The Artifacts: A Focus On the Objects of War

Previous entries of this blog often have put a vague focus on the arts and the artifacts of war, ranging from weaponry of medieval combatants to cinematic interpretation and the contrast it has toward other forms of genre. Many questions, however, still linger about these living pieces of history that we often come to reflect on. I will be addressing several of these questions and trying to provide answers to long running humanistic questions from this: the discipline of humanities known as the arts.

Certainly a lot of ground to cover in this field!

A question of my initial posts that still often lingers is the agency of a soldier and the role of his weapon in describing his agency. A soldier, in essence, is not a human being, but the instrument of a larger force commanding him, thus depriving him of many of his freedoms and greatly limiting his ability to act. A soldier, however, does not agency altogether. A soldier lays a claim to agency through the greatest expression a soldier could have on the battlefield: his weapon. The weapon is for the soldier what the soldier is for the army: a means to exercise force in a manner seen fit by the wielder. A soldier is a human again when locked in combat, his weapon being his agency to commit action and earn glory and fame as a hero. Essentially, the only time when a soldier is not a soldier is when he is in a fight for his life, free from orders with only his strategy and his weapon to guide him.

Another question that yet remains to be answered is why war still exists in today’s society when we are supposedly “beyond war”. The reasoning that this is so is because we are still in a society that idealizes scenes of epic combat. Through cinema, through literature, our belief is still firm that there is something enticing about ferocious struggles and atrocities. This is not to say that many have tackled the view of a war from below, such as Grimmelshausen and Brecht with their respective works, but it is obvious that society cares more about the beauty of the fight rather than ending the horror of it.king_henry_v_at_the_battle_of_agincourt_1415

There are many questions that are yet to be addressed. The arts themselves may not hold an answer on every question, though many of the mysteries of the humanities can be addressed through the various realms that comprise the arts. My focus will often drift into these realms in order to develop a variety of responses for the conundrum of war. A goal of this blog, thus, is the creation of a comprehensive and living collection of relevant ideas to answer age old debates and conflicts.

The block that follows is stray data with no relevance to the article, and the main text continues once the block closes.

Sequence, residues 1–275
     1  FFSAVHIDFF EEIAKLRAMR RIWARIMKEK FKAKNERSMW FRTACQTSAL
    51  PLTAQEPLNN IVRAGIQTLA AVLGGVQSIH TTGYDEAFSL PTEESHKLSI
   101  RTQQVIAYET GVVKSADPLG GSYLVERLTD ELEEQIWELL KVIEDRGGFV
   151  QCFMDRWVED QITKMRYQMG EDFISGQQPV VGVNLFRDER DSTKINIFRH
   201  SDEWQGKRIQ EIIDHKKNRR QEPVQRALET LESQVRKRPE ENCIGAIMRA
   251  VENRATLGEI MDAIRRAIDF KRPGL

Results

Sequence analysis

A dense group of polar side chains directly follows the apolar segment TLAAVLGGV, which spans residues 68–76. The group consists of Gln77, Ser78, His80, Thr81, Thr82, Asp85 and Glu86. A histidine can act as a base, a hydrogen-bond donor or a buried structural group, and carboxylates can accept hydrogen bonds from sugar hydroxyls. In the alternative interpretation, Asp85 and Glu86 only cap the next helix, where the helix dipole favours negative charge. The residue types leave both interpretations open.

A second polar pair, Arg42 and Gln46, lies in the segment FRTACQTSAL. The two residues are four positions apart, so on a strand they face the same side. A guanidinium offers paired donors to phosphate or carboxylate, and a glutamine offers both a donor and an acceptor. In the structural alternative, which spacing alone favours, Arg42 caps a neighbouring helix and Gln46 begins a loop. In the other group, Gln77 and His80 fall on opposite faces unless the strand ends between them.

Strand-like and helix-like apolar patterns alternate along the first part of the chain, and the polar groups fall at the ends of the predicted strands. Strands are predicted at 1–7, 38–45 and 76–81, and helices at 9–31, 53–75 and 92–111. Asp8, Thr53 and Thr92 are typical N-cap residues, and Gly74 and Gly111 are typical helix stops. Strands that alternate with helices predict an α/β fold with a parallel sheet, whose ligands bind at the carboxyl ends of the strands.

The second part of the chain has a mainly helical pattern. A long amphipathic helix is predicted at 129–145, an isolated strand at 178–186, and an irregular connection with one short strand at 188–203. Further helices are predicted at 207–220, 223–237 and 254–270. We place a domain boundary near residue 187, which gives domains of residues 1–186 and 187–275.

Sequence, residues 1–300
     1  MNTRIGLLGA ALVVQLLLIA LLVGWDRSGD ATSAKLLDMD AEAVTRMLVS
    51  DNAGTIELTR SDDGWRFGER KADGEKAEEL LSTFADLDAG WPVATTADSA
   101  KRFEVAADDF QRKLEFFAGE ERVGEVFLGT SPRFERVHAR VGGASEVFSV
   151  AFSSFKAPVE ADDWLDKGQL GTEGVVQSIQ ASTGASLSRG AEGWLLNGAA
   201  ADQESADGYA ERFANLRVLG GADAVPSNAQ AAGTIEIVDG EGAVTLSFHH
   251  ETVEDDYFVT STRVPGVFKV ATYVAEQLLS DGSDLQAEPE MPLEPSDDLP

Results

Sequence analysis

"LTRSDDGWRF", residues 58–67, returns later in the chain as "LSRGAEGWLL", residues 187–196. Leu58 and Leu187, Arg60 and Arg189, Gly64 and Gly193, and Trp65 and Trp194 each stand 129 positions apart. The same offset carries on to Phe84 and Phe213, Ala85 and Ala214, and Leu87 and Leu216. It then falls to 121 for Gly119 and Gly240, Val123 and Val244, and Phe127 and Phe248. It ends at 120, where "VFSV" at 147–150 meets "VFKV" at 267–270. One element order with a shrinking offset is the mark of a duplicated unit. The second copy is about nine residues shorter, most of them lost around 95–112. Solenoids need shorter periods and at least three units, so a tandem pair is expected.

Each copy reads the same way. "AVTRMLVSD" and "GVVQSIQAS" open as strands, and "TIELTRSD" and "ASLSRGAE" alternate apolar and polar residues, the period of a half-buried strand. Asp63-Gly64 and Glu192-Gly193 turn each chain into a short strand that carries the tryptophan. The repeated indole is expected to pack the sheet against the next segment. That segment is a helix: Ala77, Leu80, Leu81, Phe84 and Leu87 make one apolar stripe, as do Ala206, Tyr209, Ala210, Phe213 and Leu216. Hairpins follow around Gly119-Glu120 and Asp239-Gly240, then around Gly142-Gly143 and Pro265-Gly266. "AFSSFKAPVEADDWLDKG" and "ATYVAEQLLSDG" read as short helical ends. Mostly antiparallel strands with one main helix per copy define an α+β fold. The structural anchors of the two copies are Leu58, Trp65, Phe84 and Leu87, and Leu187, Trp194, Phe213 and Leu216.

Works Cited

Liu, Alan. “What Are the Humanities?” 4Humanities. N.p., 21 Dec. 2014. Web. 14
Nov. 2015. <http://4humanities.org/2014/12/what-are-the-humanities/&gt;.

Gilbert, John. King Henry V at the Battle of Agincourt. 19th century. Oil on
canvas. Private collection.

Tonton, Ed T., III. Rack of Maces, Daggers, and Replica Pistols. N.d.
Photograph. Arms and Armor. Ed T. Tonton.

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2 comments

  1. Meghan · November 18, 2015

    I like the humanistic questions you pose in this post. I can also clearly see that the focus of your blog is toward a soldiers relationship with his weapons, which I look forward to reading about later in the year. I do partially disagree with the reason why war still exists. I think it may be beneficial to suggests that there are other reasons war still exists rather than make this point black and white. While our society does idealize war through the media and Hollywood’s depiction of it, I think war is often times fought partially because we lack the communication skills to peacefully settle a conflict and thus resort to brute force to settle conflicts. Another factor may be that we quickly forget the wars of the past and the destruction they caused, so we don’t learn from our mistakes, and continue to wage war. Overall, I really liked the content of this post. Keep up the good work!

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  2. Daniel · November 22, 2015

    I find that your assertion that “society cares more about the beauty of the fight rather than ending the horror of it” is interesting, although only partially correct. Although it is true that we tend to glorify warfare in various forms of mass media, from video game franchises like Battlefield and Call of Duty to war films like Saving Private Ryan and American Sniper, we tend to avoid sustained conflict. In the Vietnam War, for instance, the initial support for the war quickly flagged, with polls showing that public support for the war decreased from 61% in August of 1965 to 28% in May of 1971. People tend to become disenchanted with war once they are exposed to its reality and come face-to-face with the “view from below” that they forget ever existed, such as when the American populace was exposed the photos of Kim Phúc, a 9-year old that was severely burned when her village was bombed with napalm, and Nguyễn Văn Lém, who was executed during the Tet Offensive. Although war is often glorified as a visual spectacle, the glories of war are ultimately not enough to outweigh its horrors. Society typically does not care about the beauty of the fight when it finds itself embroiled in gruesome, brutal conflict.

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